Cook County Clerk David Orr on Wednesday presented his 2014 budget to the County’s Finance Committee, noting that his office has undertaken new initiatives in many areas, even as his budget has decreased by nearly $1.5 million.
Since 2010 – the most comparable election year – the Clerk’s office’s budget is down $1.47 million and the number of employees has been cut by 32.
“We continue to do more with less,” Orr said. “Our election fund alone is down $1 million when compared to 2010, yet we’ve adopted several new election changes, such as moving early voting closer to Election Day and no-fault mail balloting.”
2014 will bring a host of new election innovations, including online voter registration and 17-year-olds voting in the primary.
Orr’s office continues to implement time and money-saving initiatives in many areas. These include: adding two million genealogy records to the office’s Genealogy Online site; upgrading the Assumed Business Names database; implementing the online 20-year tax search; and launching new products like Civil Union licenses and Commemorative Certificates.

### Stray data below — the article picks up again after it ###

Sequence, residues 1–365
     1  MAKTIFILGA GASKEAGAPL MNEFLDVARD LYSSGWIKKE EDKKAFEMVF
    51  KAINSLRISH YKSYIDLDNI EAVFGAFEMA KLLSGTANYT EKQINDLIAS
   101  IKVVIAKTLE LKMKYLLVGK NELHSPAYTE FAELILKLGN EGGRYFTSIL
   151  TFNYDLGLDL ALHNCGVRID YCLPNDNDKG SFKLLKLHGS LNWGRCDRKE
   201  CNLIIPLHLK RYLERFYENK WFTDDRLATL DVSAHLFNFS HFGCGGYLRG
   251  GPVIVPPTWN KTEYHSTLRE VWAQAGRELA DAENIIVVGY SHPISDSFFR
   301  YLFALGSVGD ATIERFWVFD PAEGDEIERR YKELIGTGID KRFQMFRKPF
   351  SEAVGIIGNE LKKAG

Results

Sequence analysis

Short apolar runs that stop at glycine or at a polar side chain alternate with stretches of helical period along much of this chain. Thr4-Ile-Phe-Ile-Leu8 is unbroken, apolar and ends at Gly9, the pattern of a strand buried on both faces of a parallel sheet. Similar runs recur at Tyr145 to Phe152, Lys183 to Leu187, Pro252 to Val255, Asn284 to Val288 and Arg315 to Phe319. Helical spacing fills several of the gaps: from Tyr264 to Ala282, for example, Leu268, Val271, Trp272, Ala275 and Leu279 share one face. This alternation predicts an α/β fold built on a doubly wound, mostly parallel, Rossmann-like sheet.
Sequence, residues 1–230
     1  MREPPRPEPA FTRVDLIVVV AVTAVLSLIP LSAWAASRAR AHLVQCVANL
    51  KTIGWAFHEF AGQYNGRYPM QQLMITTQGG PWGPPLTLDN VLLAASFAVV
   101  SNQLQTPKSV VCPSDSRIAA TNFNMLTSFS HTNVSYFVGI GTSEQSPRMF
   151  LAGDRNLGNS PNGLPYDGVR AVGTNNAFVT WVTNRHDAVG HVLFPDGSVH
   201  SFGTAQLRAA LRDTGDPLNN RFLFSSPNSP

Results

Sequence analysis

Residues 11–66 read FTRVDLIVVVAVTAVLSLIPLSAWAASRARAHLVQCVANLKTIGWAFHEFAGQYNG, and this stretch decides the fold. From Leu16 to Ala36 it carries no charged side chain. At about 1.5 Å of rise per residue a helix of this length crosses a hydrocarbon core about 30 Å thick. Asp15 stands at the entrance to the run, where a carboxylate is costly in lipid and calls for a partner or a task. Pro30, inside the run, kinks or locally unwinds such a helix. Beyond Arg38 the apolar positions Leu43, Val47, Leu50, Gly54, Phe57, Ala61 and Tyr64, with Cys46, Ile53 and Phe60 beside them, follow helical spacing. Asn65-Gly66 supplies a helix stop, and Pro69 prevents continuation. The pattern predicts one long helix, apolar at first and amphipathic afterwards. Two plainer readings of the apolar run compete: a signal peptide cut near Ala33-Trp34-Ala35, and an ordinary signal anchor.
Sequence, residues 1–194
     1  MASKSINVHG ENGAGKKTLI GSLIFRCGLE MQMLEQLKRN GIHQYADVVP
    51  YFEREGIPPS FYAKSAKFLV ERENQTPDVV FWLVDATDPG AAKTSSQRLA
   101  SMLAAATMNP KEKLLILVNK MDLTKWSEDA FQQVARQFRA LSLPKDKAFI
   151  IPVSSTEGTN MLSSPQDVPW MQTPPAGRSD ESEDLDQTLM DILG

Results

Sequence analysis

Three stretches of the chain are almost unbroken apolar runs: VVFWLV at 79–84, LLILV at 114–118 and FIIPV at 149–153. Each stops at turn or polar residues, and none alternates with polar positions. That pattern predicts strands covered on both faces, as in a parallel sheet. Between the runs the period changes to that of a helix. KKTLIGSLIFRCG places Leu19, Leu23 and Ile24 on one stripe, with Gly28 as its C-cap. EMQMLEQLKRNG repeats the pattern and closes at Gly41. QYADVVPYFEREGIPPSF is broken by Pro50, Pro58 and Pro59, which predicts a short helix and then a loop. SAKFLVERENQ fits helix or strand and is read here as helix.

Orr pointed out the Clerk’s office’s revenue exceeds its corporate budget by about $800,000. “In other words,” Orr said, “our non-elections operations are funded entirely by the revenue we collect.” The Genealogy site also has proven to be very popular with Cook County residents and genealogists alike, recently breaking the cumulative revenue mark of $2 million.
In a question-and-answer session with County Commissioners following his address, Orr discussed emerging technology in voting, serving diverse populations with bi-lingual voting materials and election judges, encouraging schools to have an Institute Day for elections, and weekend voting.
And while primary elections, particularly in non-presidential election years, have lower turnouts, Orr assured the commissioners, “We’re going to do everything we can to encourage a big turnout” in the March 18 primary.